Seizure Device Evaluated at Swedish Receives FDA Pre-Market Approval

Seizure Device Evaluated at Swedish Receives FDA Pre-Market Approval

FOR IMMEDIATE RELEASE: Nov. 21, 2013   

Contacts: Clay Holtzman, Swedish, 206-386-2748, clay.holtzman@swedish.org
                   Laura Allen – Swedish Epilepsy Center 206-320-3492

SEATTLE – The U.S. Food & Drug Administration has granted pre-market approval to a California company’s device for the treatment of medically refractory epilepsy that Swedish Neuroscience Institute played a key role in evaluating.

The NeuroPace® RNS® System, a treatment for adults with partial onset seizures that have not been controlled with two or more antiepileptic drugs, received FDA premarket approval on Nov. 14, 2013. Created by Mountain View, Calif.-based NeuroPace, the RNS System is a novel, implantable therapeutic device that delivers responsive neurostimulation, an advanced technology designed to continuously monitor electrical activity in the brain, detect abnormal activity and respond by delivering imperceptible levels of electrical stimulation to normalize that activity before an individual experiences seizures.

Swedish physician Ryder Gwinn, M.D., medical director of the Swedish Neurosciences Institute Center for Neuromodulation and Functional Restoration, served as a principal investigator for the device’s feasibility and clinical trials. Swedish was one of 11 centers that evaluated the device’s feasibility and one of 32 centers that conducted the pivotal trial that led to FDA premarket approval. Swedish Neuroscience Institute will initially be the only center in the Pacific Northwest to implant the device.

“We have been working with NeuroPace on the RNS System for about 10 years – ever since I was an Epilepsy Surgery fellow at Yale University. One of the primary reasons I found out about Swedish Medical Center was because the decision of the Swedish Epilepsy Center to participate in the feasibility trial in 2004,” Gwinn said. “Seeing this come to fruition as a therapy we can now use in our hard to treat Epilepsy patients is incredibly meaningful.”

Unlike other stimulation therapies - such as deep brain stimulation (DBS) - which involves scheduled intervals of stimulation, the RNS System continuously monitors brain electrical activity to detect and respond to abnormal electrical activity.

“We’ve seen really positive outcomes in some of our hardest to treat Epilepsy patients,” said Swedish Epilepsy physician Michael Doherty M.D., FAAN.

Swedish Health Services makes significant contributions to medical research every day, participating in more than 700 projects each year. Swedish physicians and researchers collaborate with other scientists from across the U.S. and around the world. Over than last decade, nearly $70 million worth of private and federal research has been conducted at Swedish.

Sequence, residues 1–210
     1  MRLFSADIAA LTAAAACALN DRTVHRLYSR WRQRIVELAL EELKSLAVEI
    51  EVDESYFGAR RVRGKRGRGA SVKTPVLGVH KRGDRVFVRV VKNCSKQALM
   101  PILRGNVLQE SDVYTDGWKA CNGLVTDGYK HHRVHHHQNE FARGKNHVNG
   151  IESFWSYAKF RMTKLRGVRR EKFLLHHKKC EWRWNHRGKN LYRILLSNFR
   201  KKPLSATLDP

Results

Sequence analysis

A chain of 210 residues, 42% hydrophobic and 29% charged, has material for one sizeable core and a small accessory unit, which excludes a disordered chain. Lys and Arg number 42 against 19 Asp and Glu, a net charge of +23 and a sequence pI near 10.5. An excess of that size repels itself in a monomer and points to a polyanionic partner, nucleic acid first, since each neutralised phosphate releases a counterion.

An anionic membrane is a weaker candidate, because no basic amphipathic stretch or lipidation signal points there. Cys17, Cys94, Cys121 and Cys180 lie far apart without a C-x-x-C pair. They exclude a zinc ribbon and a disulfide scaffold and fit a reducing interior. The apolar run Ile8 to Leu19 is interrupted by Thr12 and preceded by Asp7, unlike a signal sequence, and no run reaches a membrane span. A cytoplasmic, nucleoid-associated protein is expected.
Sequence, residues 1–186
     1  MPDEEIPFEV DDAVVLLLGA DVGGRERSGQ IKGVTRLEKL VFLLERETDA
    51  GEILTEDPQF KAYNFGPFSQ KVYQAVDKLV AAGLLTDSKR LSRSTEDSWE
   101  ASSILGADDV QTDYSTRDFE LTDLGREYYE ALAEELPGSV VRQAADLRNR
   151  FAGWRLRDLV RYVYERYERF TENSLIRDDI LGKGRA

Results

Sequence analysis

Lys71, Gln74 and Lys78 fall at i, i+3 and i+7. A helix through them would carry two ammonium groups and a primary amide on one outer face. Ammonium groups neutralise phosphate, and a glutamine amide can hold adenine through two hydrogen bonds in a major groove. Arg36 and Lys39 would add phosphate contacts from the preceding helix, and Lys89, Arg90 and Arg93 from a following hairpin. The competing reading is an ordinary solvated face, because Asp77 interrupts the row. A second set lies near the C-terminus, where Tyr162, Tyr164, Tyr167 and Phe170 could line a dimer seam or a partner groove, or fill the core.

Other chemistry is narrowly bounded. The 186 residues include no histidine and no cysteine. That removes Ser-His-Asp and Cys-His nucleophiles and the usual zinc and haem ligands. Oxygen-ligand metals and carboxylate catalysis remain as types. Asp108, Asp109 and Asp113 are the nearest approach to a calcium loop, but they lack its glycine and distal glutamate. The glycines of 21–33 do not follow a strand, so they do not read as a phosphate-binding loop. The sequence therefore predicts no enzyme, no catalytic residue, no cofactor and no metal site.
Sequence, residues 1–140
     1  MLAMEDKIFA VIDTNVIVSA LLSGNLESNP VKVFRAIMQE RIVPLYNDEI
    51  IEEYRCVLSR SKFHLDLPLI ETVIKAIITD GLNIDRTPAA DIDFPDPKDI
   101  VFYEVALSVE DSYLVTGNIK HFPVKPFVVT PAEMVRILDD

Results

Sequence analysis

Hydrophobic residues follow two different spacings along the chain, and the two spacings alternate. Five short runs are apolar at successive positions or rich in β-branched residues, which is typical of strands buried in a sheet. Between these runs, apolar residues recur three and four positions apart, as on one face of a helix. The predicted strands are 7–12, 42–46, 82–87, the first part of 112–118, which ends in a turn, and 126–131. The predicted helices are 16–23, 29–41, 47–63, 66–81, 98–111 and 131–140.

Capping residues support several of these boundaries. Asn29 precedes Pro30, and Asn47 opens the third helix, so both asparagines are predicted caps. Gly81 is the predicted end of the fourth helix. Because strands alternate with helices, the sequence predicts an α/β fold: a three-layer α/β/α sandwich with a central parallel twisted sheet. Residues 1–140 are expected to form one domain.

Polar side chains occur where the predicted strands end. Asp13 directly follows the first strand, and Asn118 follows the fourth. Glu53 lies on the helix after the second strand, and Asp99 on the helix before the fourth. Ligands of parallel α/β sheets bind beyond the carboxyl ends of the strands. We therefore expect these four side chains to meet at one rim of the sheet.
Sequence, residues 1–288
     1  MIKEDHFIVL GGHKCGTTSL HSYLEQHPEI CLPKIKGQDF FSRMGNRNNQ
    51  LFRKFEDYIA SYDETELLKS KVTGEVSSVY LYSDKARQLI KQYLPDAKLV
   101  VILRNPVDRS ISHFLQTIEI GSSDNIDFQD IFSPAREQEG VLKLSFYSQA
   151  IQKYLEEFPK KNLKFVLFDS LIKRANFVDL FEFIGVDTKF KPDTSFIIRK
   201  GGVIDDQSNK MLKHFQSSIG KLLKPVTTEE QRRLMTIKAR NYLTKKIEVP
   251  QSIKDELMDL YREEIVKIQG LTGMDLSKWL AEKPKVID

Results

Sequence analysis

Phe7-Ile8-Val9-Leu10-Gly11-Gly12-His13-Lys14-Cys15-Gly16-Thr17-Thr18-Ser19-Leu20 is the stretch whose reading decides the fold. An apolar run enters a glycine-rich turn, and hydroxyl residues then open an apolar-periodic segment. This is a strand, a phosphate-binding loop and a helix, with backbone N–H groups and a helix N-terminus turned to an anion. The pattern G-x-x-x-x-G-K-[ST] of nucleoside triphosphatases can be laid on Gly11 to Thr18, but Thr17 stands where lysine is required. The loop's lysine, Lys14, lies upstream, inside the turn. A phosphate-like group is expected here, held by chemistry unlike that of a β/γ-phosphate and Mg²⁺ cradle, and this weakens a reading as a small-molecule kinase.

To learn more about the NeuroPace® RNS® System, visit the NeuroPace website at http://www.neuropace.com/.


About Swedish Neuroscience Institute
Swedish Neuroscience Institute (SNI) provides advanced, progressive treatment for a wide range of brain, spine and central nervous system conditions. SNI is committed to ensuring quality outcomes by acquiring the most advanced technology and participating in leading-edge research. Read more at: http://www.swedish.org/Services/Neuroscience-Institute

About Swedish
Swedish has grown over the last 103 years to become the largest non-profit health provider in the Greater Seattle area. It is comprised of five hospital campuses (First Hill, Cherry Hill, Ballard, Edmonds and Issaquah); ambulatory care centers in Redmond and Mill Creek; and Swedish Medical Group, a network of more than 100 primary care and specialty clinics located throughout the Greater Puget Sound area. In addition to general medical and surgical care including robotic-assisted surgery, Swedish is known as a regional referral center, providing specialized treatment in areas such as cardiovascular care, cancer care, neuroscience, orthopedics, high-risk obstetrics, pediatric specialties, organ transplantation and clinical research. In 2012, Swedish provided more than $130 million in community benefit in Western Washington. For more information, visit www.swedish.org, www.swedishcares.org, www.facebook.com/swedishmedicalcenter, or www.twitter.com/swedish.

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